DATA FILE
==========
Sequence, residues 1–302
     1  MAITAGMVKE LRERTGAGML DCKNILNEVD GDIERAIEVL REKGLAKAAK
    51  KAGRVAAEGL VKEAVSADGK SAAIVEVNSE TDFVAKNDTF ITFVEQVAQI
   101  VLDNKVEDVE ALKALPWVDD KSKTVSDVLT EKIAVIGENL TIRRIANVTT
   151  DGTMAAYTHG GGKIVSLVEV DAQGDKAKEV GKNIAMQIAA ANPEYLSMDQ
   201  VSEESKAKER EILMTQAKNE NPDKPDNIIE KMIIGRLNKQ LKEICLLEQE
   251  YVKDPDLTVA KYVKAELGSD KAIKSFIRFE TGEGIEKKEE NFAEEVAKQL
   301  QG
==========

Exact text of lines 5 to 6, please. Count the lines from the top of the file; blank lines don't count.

   151  DGTMAAYTHG GGKIVSLVEV DAQGDKAKEV GKNIAMQIAA ANPEYLSMDQ
   201  VSEESKAKER EILMTQAKNE NPDKPDNIIE KMIIGRLNKQ LKEICLLEQE